Moving Past ADSL

Building new Digital Foundations

Over the last couple of months our blog has featured a lot of news about the emerging efforts and programmes aiming to spread ultrafast fibre connectivity across the UK, developing an effective foundation from which a more digitally engaged society can develop. Through programmes like the LFFN, hundreds of millions in funding is being allocated for the construction of networks able to deliver ultrafast speeds to businesses, schools and consumers.

The development of a strong digital foundation opens up the doors to a huge range of improvements. Overall, fibre rollouts create a major economic improvement whilst also giving users access to an ever-developing range of digital services, creating more connected communities.

With many of these programmes just starting out, it’s maybe a little too early to start talking about the full results, outside of a few key exceptions (with construction well underway for our LFFN-backed West Sussex DarkLight network). However, one of the larger, most positive changes we expect to see in the next few years deserves some attention - the end of ADSL connectivity, and a full switchover to fibre-based services.

Moving towards full fibre

ADSL connectivity is a copper-based option for Internet connectivity. When first available, ADSL was a vast step up from the standard, offering a major increase in speeds, along with lower costs in many cases. However, in the years since businesses, schools and increasingly home users have required better-performing connectivity, with high-bandwidth-demanding services like Netflix driving a significantly different approach to Internet performance.

At this point, technology has advanced to the point where we can confidently call certain fibre-based connectivity options future-proof - like our DarkLight service, for instance. DarkLight is designed so that users can upgrade their speeds whenever necessary, completely removing the cost of subsequent installation work.

At the moment, we’re able to provide any given DarkLight user with 10 Gbps performance - a level of speed that practically no businesses and schools will need to use for years (possibly decades) to come. However, we will, in all likelihood, eventually reach a point when 10 Gbps is not sufficient for users. By then, we’ll be adjusting DarkLight, ensuring that our service can handle even faster speeds - again, with no extra construction for customers.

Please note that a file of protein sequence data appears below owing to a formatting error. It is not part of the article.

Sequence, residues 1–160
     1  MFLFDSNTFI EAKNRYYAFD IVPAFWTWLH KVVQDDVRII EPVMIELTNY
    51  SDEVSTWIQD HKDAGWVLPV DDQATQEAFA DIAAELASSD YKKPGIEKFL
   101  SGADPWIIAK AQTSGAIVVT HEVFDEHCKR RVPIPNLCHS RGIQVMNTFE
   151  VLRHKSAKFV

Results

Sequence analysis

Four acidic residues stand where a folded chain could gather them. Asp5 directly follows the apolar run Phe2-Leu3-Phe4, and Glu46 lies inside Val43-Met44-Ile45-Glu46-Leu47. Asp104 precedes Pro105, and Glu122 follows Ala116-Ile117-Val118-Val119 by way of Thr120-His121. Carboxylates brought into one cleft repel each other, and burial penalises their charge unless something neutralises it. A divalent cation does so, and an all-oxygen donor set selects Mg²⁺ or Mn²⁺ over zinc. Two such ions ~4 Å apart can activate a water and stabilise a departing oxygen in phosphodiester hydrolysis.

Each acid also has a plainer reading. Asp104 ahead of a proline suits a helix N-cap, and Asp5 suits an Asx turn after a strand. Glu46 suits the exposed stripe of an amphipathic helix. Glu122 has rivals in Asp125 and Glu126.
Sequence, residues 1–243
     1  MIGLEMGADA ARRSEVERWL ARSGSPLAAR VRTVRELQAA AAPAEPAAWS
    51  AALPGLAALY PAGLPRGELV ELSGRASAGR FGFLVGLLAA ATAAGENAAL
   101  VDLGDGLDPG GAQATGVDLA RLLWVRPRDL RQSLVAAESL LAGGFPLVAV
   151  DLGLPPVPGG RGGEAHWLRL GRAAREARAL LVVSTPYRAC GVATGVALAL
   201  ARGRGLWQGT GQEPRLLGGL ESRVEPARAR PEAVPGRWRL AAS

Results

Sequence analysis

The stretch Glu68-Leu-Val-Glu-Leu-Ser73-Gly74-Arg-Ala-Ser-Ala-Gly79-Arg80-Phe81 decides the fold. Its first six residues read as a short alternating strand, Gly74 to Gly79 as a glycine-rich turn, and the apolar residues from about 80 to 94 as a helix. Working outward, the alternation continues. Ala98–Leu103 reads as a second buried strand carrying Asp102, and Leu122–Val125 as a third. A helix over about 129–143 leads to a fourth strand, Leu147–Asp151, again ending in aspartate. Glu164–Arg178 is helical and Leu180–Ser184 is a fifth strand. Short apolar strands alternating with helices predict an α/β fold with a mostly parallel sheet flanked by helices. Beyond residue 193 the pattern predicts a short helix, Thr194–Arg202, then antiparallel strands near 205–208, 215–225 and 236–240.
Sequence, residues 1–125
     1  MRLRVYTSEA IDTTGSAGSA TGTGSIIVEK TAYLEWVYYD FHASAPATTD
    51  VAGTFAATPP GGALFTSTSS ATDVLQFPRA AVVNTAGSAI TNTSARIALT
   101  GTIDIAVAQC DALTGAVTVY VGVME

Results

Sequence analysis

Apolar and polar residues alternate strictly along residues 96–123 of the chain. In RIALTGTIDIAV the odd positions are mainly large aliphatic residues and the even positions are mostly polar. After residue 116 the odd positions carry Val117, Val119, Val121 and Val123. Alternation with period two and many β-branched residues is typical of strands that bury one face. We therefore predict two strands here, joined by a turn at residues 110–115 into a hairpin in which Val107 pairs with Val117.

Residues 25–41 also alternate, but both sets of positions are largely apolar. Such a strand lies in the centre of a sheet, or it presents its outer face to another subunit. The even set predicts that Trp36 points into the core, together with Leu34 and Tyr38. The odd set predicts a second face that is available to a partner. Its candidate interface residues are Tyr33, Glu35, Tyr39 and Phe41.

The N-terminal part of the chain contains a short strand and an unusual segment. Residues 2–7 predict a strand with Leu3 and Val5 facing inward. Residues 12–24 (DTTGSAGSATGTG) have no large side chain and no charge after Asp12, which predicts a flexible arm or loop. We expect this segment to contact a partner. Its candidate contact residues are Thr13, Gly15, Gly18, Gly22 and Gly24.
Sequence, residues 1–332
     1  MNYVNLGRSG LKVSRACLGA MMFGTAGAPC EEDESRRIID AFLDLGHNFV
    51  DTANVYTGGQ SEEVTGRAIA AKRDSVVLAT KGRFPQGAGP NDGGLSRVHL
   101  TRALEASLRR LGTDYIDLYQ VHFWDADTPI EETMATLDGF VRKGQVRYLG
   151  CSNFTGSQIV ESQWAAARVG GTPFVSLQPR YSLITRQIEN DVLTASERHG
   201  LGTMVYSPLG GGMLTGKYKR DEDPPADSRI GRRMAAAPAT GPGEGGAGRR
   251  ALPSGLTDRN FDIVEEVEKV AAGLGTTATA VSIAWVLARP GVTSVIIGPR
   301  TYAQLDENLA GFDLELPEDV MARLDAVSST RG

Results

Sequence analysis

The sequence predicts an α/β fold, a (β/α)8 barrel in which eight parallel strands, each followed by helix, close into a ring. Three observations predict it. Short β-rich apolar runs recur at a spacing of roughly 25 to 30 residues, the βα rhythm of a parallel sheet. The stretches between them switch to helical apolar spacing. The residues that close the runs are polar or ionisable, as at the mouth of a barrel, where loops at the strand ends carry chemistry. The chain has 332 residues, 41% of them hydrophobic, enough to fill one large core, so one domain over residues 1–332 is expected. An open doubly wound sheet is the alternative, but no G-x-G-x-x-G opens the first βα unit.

End of ADSL copper internet cables vs ultra-fast fibre optic connectivity

Eventually, we expect to see a full replacement of the copper-based ADSL network with advanced fibre, giving users access to ultrafast speeds while helping to hugely cut down costs, essentially generating an effective foundation for subsequent digital development. This year, we have seen the launch of several new government initiatives to support the creation of an effective, full-fibre national network, following the success of countries like Singapore in doing so.

While this full rollout will take years to accomplish, it’ll create a major change, driving more effective and varied digital engagement across the UK, which we are looking forward to supporting, both through the high-quality services we provide and through our community-focused work with organisations like Bradford BID.

There are many people who don’t even have access to ADSL-level connectivity, with dialup still the only easily available Internet option across several parts of the country. We are proud to be working to help rectify this problem, ensuring that people in rural areas are able to get access to fibre connectivity through supporting Gigaclear, a company working to build ultrafast fibre networks throughout rural areas.

It’s also worth being aware of certain mistaken beliefs about fibre. For a long time, ISPs have been allowed to advertise services only partially using fibre as being entirely fibre, leading many to believe that they have access to the ultrafast connectivity they expect. In truth, real fibre connectivity - and the vast benefits it offers, is only active on a relatively small scale. Our partners at CityFibre have been working to help change this, giving customers a more realistic picture of what services they’re actually getting.

The fully actualised rollout of a national fibre network to replace ADSL will not happen for a long time, but it is, crucially, in sight.